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Hi-Tek 373-70229A Keyboard Disassembly

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On 1/7/2021 at 8:56 PM, Ed in SoDak said:

Excellent work! It could give a second life to a lot of TI keyboards.

Thanks. I have a 4K resin (SLA) printer on the way that, supposedly, will print with an accuracy down to 0.01 mm. Even though I've got the PETG ones working well, they still need a bit of sanding. I am hoping with the SLA printer I will be able to simply print them and be done without any sanding.

I was able to also fabricate the copper contacts used for each key to replace the one that I broke.




I purchased a 0.15 mm thick copper roll and basically cut these pieces out with a tin snipper and bent them into the shape of the one original that I removed without breaking it. I actually received 0.25 mm copper roll, but it worked perfectly well. The original contacts are 0.16mm thick and that is extremely hard to source. I only found it one place after hours of searching, but I went with 0.15 mm that had a somewhat sooner arrival time (still took about a month to get here).





Attached are some pictures of the contacts. Probably the most useful is the profile pics that show how the contacts need to be bent to actually work correctly (touching when the key is depressed and separated when it is not).

You can see from the pictures that I didn't bother with the tabs on the outside, or the retaining clip that is punched in the middle of the original. I couldn't find any way to reproduce the clip with the tools I have, and I tried the tabs but accidentally cut them off. My tin snips are very unwieldy.





I don't think this will be a problem, however, once I solder the copper strips in. The clip really only keeps the strips secure when the solder is removed, but it doesn't prevent them from wiggling around like the solder does. The tabs on the side just prevent the copper strip from going too deep, but the same can be achieved by careful sizing of the part and the notch that is cut on the bottom to make the solder pin.

To be really useful I need to figure out a way to reproduce these with more precision, though I would recommend not breaking them as the best solution. :) My current thinking is to make a 3D model of a form that can be printed, then the copper strips can be bent to conform to that. Another possibility would be to make a 3D model of the contacts, make a mold from that and then poor in molten copper to make the contacts.


Edited by Nelno

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Turns out that a Tech Tangents YouTube channel else has already gone through this process in 2018, made a YouTube video about it, and even released the model files on Thingiverse:



Comparing these to the ones I designed:

- The X/Y inner and outer dimensions are exactly the same.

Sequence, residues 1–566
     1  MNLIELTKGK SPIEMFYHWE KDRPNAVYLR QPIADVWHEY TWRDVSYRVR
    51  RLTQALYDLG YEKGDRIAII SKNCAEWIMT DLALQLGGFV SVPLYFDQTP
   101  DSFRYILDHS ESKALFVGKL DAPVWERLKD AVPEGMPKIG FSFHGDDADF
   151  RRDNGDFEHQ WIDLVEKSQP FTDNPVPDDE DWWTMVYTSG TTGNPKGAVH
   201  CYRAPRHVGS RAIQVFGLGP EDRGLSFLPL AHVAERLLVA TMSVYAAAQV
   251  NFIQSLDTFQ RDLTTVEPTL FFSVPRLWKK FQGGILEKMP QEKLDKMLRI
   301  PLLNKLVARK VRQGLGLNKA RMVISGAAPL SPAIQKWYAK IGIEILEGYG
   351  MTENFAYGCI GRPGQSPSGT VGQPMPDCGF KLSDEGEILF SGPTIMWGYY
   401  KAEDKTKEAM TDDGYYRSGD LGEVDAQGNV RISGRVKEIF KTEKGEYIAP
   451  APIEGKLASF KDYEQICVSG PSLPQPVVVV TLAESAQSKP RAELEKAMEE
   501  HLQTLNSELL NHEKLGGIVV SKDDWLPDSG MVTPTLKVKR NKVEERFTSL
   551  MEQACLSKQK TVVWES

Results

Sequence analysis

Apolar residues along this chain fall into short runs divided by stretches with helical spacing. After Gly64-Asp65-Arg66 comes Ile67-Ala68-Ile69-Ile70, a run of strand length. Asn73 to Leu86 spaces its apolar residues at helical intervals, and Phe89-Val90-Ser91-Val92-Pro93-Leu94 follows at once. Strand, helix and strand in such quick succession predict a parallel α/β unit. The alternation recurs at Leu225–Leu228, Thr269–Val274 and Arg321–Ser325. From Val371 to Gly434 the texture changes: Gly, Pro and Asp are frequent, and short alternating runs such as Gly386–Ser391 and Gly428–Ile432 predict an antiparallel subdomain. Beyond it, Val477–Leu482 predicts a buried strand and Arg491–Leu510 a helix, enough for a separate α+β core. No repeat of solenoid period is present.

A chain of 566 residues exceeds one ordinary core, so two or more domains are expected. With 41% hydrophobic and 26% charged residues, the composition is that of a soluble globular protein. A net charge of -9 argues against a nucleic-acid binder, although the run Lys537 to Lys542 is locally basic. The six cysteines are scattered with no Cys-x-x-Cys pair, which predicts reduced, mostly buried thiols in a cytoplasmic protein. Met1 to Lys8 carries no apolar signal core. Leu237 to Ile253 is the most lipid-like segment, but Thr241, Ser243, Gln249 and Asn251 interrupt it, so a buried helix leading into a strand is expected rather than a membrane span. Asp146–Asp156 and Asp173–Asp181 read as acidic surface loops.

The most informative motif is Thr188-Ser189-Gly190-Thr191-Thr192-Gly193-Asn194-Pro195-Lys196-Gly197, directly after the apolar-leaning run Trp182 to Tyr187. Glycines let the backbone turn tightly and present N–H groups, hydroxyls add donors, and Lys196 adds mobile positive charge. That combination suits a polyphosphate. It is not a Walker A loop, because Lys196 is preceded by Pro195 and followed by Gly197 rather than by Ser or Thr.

- The nubs on the bottom are less pronounced, which would make them easier to pull out than mine.

- The inner spring rest is about 1.7 mm lower than mine. This may affect the rebound way the keys feel. I measured this again on the original plungers and it's 10.5 mm from the bottom, the same as my model.

- There's no beveling on the outer corners (I included beveled and unbeleved because it might make difference depending on how your printer slicing software works, and whether you use PLA, PETG or some other material)

- There's a lip on the top that doesn't exist on the original pieces.

- I maintained the split in the pieces, though for PLA parts this can be brittle depending on the quality of your filament. For PETG it helps with flexibility.

- I angled the inner spring rests at 45 degrees on one side so that they print without any supports on any printer than can handle 45 degree overhangs. The Thingiverse version has horizontal overhangs which are unlikely to work at all on my printer. You definitely don't want to have to add and clean up supports on a piece this small.


I haven't tried these in a TI, but the Thingiverse link (https://www.thingiverse.com/thing:2871775) does say they are also for TI.

I searched all over for something like this before starting, including on Thingiverse, and never saw this, but from what I have been able to tell, Thingiverse has a terrible search engine.

Anyway, if you're looking to replace your key plungers, you now have two options to try. One or the other may yield better results for your printer.


Edited by Nelno
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1 hour ago, Nelno said:


- There's a lip on the top that doesn't exist on the original pieces.


This 1 mm extra lip is probably an improvement over my design (and the original pieces). First, it makes the part of the plunger holding the key cap, which is a weak point in the original pieces, somewhat stronger. Second, it allows the hole at the top to be beveled, which will make it a bit easier to insert the key caps. Third, it will also act a bit like the optional brim I added to help the pieces stick to the printing surface. Finally, it may prevent the pieces from falling all the way into the waffle frame if you are testing for fit without the spring, though that shouldn't happen if the nubs are large enough, but did happen to me a few times during iteration of my design.

Edited by Nelno
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